No Image Available


Read more from TrainingZone

googletag.cmd.push(function() { googletag.display(‘div-gpt-ad-1705321608055-0’); });

Games and Simulations – online workshop report


Greetings. I have been asked by Tim Pickles to act as host for a workshop on Games and Simulations from 12.00 Noon to 1.0 pm. I am here. Is anybody else? If so, let's talk.
Hi Chris
Magic! A voice in the void! Greetings, Tim.
Chris, I'm standing here with four computers at the TrainingZone stand at the IPD exhibition - so I'm going to encourage visitors to join in also!
Hi Jo
Chris, do you want to start us of with a question?
Alright, then. First open-ended question. Do you think that a person is more likely to reflect on an experience and learn from it if he/she enjoys it?
Hello - this is my first on line workshop so excuse my faultering steps!
Don't bother faltering. Just talk!
I think that the main factor encouraging reflection is not how enjoyable it is, but how supported it is and safe it feels.
Are you thinking of reflection as it were IN CLASS or in the bath or bar afterwards?
I think enjoyable experiences are helpful - but does ALL learning have to be enjoyable for it to 'work'?
I'm thinking about public reflection, which may be within a group at a training event or 1:1 with a mentor or supervisor.
Lots of the learning I did while it school wan't very enjoyable - but it still worked - some of it anyway!
Thanks, Jo. That helps me. No, Tim, obviously not. Maybe I am biassed because I just hate to impose things on other peolple and I get worried if they are not having fun.
Chris, when you introduce groups to games, etc. how do you deal with people's fear/reluctance about doing something which they may perceive as 'silly'
I generally avoid things that I consider silly myself and can therefore recommend them with conviction. I sometimes say "I can't be sure what YOU will get from it exactly, but what I git from it X years ago was.....
For me the enjoyment factor comes from the discourse with others (I like social learning) and the personal satisfaction of learning something useful to my personal and professional life. I need my learning experiences to be quite focussed and with clear outcomes in view. If the outcome is to be building relationships within a team - I can go with that!
Do you find that a lot depends on your initial enthusiasm - if you start hesitantly, they become hesitant
Why is my name not appearing by my entries - please don't think me rude or secretive!
Jo - your name appears on every other machine except the one you're using: I think the designers think you may know your own name !!!!
Oh whoops - thanks for that Tim!
Tim, Yes. I have to be convinced myself. Jo, I don't know about your name. Mine is not either. I can't always promise focus for what I do because there is a lot of probability in it. I use things which I know have a high probability of provoking certain forms of learning. But I can never guaranntee it,
Chris, do you have favourite games and activities which you re-use time and time again. I know that in my work I have trusted learning activities - like Triads, or Dialogue Books, or even role play - which I often fall back on.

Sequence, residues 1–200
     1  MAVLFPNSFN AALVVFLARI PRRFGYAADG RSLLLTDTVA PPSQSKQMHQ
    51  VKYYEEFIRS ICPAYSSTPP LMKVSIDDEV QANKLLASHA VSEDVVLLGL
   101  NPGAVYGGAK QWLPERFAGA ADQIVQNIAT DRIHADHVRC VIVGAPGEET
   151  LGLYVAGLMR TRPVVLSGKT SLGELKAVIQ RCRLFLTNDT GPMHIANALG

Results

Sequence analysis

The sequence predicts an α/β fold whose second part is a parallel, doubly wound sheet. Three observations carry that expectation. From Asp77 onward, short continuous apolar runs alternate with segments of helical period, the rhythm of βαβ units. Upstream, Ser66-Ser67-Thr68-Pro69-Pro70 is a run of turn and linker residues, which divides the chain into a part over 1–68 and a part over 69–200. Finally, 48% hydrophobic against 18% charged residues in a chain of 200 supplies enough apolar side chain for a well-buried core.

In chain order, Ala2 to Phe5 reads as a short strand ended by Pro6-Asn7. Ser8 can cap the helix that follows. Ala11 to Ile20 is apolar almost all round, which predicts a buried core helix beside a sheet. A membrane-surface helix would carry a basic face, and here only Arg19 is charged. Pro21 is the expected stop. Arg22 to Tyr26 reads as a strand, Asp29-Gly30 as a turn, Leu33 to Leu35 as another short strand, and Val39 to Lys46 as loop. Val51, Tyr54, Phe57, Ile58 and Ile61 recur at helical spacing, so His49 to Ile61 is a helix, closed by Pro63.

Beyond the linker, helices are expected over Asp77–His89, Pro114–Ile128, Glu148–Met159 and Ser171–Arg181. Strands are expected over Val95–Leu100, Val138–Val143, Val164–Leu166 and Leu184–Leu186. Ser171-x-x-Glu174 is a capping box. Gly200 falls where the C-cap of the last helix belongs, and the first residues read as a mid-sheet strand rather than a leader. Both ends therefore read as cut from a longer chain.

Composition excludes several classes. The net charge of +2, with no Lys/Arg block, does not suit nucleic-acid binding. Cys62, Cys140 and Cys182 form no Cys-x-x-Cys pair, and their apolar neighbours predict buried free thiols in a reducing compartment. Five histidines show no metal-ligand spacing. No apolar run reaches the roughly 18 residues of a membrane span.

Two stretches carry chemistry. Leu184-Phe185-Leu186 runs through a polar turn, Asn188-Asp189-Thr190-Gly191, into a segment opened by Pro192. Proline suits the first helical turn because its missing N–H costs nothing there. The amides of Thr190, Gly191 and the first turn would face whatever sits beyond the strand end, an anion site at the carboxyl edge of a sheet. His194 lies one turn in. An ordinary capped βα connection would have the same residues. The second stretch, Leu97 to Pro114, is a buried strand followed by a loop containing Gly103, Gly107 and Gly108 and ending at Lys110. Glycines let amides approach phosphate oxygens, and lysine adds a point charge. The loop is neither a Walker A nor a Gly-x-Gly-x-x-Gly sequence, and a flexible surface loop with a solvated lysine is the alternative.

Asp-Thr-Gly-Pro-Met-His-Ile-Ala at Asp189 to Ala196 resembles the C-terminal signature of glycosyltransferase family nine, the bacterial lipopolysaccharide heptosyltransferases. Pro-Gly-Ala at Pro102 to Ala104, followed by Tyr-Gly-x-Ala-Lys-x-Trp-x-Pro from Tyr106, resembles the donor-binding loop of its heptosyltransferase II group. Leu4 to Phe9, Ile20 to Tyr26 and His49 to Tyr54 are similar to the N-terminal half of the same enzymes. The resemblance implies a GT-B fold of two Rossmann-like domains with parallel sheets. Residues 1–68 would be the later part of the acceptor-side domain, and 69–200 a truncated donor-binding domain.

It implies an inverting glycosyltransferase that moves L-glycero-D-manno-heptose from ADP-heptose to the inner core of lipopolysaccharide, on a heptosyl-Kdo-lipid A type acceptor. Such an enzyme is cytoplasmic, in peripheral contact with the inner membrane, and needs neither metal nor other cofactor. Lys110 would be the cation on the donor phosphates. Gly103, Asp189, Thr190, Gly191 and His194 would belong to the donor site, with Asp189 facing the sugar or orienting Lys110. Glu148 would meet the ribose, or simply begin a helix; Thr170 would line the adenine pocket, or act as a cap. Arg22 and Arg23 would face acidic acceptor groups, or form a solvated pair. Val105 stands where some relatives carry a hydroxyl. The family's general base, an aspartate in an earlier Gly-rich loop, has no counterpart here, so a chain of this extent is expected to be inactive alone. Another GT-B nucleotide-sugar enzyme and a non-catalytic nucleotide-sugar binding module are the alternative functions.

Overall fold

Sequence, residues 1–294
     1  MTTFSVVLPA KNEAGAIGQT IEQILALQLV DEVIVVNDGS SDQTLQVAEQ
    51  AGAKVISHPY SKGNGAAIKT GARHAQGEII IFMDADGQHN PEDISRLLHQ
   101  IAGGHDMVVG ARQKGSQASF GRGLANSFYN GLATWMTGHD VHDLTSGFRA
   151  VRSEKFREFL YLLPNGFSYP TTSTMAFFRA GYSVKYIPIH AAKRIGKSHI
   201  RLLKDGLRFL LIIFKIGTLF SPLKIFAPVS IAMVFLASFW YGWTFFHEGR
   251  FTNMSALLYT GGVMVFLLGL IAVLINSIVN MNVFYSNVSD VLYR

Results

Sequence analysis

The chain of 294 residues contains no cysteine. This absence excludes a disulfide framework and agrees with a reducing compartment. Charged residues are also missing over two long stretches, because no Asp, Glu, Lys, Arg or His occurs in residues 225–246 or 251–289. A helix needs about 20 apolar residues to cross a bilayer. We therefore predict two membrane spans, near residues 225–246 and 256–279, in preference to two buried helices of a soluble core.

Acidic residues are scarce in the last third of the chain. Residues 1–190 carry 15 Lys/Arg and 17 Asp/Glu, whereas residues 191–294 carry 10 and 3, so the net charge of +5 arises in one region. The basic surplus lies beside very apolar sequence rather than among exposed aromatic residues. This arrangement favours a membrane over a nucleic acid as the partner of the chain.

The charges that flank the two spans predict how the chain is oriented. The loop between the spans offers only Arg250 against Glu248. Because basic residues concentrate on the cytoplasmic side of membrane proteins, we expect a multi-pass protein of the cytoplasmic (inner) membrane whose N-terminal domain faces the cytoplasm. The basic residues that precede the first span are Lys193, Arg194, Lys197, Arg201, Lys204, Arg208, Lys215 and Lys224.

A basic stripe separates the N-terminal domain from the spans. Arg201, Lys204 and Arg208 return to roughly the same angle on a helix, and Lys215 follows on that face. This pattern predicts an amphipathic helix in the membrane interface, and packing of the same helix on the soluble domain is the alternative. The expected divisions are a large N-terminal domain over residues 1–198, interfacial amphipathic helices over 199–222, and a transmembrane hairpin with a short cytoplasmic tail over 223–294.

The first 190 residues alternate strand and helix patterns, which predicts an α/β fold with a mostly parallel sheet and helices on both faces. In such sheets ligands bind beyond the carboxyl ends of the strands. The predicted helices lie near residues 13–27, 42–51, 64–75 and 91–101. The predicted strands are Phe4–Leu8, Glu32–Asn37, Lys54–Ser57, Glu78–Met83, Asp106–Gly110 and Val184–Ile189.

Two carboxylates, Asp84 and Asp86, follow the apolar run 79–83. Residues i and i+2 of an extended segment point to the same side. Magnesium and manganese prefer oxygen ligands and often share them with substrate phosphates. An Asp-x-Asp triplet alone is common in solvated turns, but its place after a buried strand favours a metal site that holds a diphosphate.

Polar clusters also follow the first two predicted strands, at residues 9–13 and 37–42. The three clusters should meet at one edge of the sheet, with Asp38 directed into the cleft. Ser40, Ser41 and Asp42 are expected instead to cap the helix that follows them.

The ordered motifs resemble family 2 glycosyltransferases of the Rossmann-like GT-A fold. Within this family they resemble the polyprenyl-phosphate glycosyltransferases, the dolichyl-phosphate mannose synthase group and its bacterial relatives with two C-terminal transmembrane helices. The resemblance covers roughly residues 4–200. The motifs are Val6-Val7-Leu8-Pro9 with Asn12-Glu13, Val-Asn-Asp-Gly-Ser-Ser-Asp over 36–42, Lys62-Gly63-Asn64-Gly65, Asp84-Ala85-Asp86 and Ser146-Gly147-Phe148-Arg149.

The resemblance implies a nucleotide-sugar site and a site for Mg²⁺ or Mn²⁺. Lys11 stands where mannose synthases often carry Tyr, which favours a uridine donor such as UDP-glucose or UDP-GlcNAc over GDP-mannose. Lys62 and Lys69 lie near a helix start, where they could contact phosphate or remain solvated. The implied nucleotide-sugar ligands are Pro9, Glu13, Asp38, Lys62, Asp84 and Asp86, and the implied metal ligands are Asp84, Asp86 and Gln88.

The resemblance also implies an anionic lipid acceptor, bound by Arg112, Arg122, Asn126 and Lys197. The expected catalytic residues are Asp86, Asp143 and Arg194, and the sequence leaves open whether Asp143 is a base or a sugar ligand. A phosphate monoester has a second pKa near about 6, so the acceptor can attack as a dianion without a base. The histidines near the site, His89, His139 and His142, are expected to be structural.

Yes, I do. favourites are probably The Symbol Game and my latest murder-based information-sharing exercise called Johnathon Strangeways.
What I really want is somebody who will give me the chance to run DEVISE AND DECEIVE in a lively out-door environment. It is a bit way out and nobody has had the courage yet.
Tell me more,Chris!
Loosely based on the affair of the Iraqi Supergun, teams have to construct a credible representation of a defence facility. They must keen their intentions sceret from others while trying to find out what the other teams are doing. They buy in parts, They must say what items they are bringing in but mcan lie about the purpose.
Sounds complex ! Is there a risk that people get lost in the instructions?
YES. I need a modest element of risk to feel motivated. It is something I would normally run myself. My self-image says that my strengths are to do with creativity and novelty and that in the majority of cases in most cases they overshadow minor administrative imperfections. You can't have everything.
All sorts of people get into the field of games and simulations. I would be interested to know where other people nare coming from?
It's a bit slow today - not too many participants, but I'm happy to chat on. I like using games - but the issue for me is being able to clearly demonstrate the connection between the activity I'm using and the learning outcomes of the event.
If people don't see the connection, they got lost in the game / activity and drift off.
I don't believe that is always possible. From most good games there are many different things that CAN be learnt. I can't know which features will be most helpful to which participants. I have learn some very valuable things in the past which were apparently no part of the facilitators objectives.
I've used several large scale simulations e.g. after doing a major review activity for a national organisation, we ran a weekend briefing and discussion on the findings. During the evening, we ran a large simulation on what the organisation would like like five years later - their task was to produce a newsletter of that future date. BUT, the problems occur when people lose sight of the objective and go over-enthusiastic in the make-believe aspects, etc/